Prairie dogs are small and squirrelly, but they have outsized influence on the health of their entire ecosystem. Not only do they help turn over the sun-baked soil of the prairie to keep grasses growing, but they’re also an important food source for at least a half dozen species—many of which are imperiled due to habitat loss. Recovery of the endangered black-footed ferret, in particular, is entirely dependent on restoring large prairie dog communities in at least a few places across the Great Plains.
This summer, Defenders’ Rocky Mountain Representative Jonathan Proctor helped move hundreds of prairie dogs in Wyoming from the edge of Thunder Basin National Grassland, where they were threatened with poisoning, to an interior section of the Grassland where they will be fully protected from poisoning and shooting.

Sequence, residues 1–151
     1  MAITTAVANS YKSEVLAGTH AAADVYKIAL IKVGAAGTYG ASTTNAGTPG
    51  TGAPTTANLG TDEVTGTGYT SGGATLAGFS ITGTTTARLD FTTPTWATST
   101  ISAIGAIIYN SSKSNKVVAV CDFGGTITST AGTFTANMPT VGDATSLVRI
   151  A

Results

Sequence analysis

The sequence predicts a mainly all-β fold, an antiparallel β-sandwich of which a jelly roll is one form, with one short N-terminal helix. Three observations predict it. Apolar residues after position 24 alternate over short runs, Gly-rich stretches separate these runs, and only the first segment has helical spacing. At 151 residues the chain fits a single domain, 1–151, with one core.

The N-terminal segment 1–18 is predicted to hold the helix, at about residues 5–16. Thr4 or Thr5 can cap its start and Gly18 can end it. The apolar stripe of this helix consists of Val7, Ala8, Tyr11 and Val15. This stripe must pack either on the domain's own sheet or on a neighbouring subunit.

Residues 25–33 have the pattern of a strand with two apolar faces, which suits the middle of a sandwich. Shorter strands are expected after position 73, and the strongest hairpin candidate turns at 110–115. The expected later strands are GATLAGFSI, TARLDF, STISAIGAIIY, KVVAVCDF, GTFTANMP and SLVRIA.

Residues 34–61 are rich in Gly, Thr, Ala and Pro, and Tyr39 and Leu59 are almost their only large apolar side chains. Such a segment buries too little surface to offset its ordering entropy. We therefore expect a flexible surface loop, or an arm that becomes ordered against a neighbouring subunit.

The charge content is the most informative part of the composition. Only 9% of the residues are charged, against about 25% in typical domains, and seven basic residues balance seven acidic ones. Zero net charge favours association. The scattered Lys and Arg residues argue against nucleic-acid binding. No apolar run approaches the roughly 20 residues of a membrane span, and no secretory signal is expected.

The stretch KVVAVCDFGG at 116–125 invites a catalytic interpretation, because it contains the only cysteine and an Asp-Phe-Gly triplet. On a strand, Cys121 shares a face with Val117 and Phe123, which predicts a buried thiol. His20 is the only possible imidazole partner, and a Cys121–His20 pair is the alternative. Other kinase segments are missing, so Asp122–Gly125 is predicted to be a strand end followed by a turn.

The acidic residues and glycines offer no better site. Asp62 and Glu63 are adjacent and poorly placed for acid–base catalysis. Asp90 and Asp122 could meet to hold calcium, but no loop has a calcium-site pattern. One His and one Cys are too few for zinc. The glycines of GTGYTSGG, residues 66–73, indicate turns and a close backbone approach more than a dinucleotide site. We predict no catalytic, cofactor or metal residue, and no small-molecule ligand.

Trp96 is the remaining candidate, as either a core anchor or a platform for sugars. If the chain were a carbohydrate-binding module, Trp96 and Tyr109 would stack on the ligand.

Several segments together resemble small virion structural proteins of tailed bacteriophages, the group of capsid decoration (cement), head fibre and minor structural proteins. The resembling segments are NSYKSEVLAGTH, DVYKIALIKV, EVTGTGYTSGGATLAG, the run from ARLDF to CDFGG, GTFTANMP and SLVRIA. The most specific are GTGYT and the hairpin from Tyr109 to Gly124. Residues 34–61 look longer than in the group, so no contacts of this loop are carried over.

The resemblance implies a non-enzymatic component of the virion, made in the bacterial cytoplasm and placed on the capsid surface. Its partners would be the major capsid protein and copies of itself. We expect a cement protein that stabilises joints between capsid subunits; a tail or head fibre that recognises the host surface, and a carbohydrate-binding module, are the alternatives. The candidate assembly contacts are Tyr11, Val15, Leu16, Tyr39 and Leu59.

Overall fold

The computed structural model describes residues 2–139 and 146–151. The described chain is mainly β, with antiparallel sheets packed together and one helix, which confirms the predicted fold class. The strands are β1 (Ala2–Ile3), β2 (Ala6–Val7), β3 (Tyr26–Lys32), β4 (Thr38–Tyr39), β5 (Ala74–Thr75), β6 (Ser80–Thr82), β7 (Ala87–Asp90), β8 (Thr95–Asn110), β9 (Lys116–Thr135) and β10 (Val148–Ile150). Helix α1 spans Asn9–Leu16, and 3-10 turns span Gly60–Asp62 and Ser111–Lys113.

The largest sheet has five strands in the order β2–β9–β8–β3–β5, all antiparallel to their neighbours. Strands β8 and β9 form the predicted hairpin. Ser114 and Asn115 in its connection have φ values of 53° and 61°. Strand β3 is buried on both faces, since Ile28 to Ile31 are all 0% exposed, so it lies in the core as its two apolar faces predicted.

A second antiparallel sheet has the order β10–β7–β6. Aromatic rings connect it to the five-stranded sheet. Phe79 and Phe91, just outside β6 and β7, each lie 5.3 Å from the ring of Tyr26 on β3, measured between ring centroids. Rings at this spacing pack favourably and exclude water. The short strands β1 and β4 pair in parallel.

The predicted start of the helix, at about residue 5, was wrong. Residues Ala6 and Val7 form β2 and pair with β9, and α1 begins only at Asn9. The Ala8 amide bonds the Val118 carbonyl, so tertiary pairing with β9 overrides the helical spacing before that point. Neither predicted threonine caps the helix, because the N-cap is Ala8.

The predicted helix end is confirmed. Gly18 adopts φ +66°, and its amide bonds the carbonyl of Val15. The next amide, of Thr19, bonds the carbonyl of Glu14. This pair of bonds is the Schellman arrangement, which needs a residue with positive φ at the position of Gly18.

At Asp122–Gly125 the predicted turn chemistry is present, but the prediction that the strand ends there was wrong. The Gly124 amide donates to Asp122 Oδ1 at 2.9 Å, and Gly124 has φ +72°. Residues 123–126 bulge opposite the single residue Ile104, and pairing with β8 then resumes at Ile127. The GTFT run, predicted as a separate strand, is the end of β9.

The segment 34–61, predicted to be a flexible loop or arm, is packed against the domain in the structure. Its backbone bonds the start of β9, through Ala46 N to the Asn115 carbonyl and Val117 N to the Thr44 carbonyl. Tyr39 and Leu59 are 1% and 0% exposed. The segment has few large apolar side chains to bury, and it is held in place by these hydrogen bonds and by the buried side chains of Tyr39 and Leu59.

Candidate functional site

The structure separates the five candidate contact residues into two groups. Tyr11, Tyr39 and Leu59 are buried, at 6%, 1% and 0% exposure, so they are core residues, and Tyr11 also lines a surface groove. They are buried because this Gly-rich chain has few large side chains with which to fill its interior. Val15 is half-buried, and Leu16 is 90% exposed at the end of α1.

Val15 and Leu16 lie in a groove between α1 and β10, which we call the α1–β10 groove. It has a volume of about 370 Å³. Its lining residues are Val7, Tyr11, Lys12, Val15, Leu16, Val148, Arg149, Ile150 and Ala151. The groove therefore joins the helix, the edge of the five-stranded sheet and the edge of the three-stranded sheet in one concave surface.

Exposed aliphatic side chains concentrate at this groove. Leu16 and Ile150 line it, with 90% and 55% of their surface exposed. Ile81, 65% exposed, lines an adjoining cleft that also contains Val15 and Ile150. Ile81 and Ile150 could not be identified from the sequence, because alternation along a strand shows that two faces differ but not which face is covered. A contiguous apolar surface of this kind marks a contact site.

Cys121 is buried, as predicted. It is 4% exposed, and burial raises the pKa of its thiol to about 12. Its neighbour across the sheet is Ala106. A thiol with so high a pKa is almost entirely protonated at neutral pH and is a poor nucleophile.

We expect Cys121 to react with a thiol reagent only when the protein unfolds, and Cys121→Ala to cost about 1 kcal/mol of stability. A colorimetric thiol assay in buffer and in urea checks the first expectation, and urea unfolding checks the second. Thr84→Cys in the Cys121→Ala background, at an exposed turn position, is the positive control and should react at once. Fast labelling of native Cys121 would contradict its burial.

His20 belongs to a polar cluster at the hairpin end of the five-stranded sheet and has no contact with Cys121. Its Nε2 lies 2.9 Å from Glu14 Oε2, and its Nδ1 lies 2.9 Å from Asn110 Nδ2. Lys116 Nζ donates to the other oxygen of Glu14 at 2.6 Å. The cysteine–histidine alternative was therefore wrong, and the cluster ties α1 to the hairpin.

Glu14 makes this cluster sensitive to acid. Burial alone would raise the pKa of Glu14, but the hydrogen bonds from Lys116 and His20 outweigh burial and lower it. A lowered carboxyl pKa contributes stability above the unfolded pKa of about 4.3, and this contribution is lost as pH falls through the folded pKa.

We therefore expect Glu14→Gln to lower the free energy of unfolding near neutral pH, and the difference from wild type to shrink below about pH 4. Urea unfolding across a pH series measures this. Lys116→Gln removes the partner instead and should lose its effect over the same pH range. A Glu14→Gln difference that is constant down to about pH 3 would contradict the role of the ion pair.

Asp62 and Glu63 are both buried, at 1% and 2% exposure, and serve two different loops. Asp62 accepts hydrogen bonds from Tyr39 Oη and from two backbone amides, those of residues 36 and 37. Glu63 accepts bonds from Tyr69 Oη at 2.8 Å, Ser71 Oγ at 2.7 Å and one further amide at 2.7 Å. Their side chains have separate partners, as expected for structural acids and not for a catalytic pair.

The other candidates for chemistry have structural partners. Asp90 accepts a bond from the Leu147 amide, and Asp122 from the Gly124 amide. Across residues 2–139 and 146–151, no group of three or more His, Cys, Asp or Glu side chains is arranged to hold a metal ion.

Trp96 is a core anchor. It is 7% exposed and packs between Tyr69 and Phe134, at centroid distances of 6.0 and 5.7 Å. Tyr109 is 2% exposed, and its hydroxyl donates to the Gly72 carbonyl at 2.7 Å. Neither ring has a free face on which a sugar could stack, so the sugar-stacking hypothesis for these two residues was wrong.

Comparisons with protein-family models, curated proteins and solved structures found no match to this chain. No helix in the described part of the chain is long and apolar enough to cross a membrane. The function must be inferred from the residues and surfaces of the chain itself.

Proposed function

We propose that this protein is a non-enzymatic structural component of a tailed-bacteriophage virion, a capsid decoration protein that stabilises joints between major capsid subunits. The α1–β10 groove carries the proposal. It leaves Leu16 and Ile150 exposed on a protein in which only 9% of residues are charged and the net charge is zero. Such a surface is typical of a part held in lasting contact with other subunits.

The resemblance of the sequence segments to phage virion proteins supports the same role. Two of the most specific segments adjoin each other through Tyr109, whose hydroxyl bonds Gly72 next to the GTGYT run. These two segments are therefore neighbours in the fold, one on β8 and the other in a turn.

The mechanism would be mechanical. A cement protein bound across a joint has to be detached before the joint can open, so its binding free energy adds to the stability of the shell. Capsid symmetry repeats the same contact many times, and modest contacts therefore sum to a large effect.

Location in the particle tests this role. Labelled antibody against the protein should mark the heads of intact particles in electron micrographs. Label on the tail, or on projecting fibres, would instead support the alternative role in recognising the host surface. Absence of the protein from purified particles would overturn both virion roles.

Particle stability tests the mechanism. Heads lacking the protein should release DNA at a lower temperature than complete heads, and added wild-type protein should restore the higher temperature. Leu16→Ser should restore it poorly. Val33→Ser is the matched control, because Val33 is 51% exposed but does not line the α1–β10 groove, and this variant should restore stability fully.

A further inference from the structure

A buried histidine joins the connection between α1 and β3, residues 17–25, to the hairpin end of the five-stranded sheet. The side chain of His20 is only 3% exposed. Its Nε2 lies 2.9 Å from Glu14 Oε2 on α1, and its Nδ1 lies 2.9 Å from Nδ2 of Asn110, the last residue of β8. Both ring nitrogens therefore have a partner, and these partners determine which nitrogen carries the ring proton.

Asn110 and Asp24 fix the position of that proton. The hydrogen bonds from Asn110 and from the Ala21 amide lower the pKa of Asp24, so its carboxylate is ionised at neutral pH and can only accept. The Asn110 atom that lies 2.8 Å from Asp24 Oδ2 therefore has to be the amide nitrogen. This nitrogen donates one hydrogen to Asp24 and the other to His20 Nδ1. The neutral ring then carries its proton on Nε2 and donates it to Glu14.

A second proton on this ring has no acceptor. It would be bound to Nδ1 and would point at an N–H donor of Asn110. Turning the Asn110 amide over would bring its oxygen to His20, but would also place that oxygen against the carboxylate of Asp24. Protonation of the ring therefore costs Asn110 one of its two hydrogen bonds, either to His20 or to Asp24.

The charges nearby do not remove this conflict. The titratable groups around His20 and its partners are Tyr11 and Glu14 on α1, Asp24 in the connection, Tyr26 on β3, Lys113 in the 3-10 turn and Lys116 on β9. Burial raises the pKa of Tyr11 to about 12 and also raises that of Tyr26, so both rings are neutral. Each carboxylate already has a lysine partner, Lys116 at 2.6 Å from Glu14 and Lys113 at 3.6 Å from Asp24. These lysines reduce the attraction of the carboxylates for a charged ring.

Here’s Jonathan explaining the importance of protecting prairie dogs and their habitat in this excellent article from New West on the Thunder Basin relocation project:
And while some see that as plenty of space for a dirt-slinging little varmint, the loss of a keystone species such as the prairie dog has lasting repercussions.
As the prairie dogs go, so do the species that rely on them, including eagles, badgers, weasels, mountain plovers, swift foxes, ferruginous hawks, burrowing owls and rattlesnakes. They’re part of the complexity that is the grassland web. Take one piece out, even a piece as small as a prairie dog, and the rest suffer.
“It was a sea of life. It was a city. For wildlife this was New York City,” says Jonathan Proctor, surveying the grassland. Proctor, who has spent many years on this issue, is the Rocky Mountain region representative for the Defenders of Wildlife. “The loss of the prairie dog was the loss of all of that. Some still remain, but nothing like it was. It was impressive by any standard.”